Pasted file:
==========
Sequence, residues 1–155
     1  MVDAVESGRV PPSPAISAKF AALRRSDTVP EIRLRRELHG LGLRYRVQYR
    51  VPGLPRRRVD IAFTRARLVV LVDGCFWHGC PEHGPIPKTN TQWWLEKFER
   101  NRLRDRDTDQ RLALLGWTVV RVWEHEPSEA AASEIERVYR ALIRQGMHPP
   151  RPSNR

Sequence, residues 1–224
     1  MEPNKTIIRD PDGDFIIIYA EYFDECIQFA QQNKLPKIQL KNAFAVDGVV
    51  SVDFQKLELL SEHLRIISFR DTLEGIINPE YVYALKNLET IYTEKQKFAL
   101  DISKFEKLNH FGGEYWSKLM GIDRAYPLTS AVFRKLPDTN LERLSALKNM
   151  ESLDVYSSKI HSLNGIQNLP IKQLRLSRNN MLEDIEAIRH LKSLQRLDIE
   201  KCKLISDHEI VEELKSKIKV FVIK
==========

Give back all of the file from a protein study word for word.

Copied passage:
Sequence, residues 1–155
     1  MVDAVESGRV PPSPAISAKF AALRRSDTVP EIRLRRELHG LGLRYRVQYR
    51  VPGLPRRRVD IAFTRARLVV LVDGCFWHGC PEHGPIPKTN TQWWLEKFER
   101  NRLRDRDTDQ RLALLGWTVV RVWEHEPSEA AASEIERVYR ALIRQGMHPP
   151  RPSNR

Sequence, residues 1–224
     1  MEPNKTIIRD PDGDFIIIYA EYFDECIQFA QQNKLPKIQL KNAFAVDGVV
    51  SVDFQKLELL SEHLRIISFR DTLEGIINPE YVYALKNLET IYTEKQKFAL
   101  DISKFEKLNH FGGEYWSKLM GIDRAYPLTS AVFRKLPDTN LERLSALKNM
   151  ESLDVYSSKI HSLNGIQNLP IKQLRLSRNN MLEDIEAIRH LKSLQRLDIE
   201  KCKLISDHEI VEELKSKIKV FVIK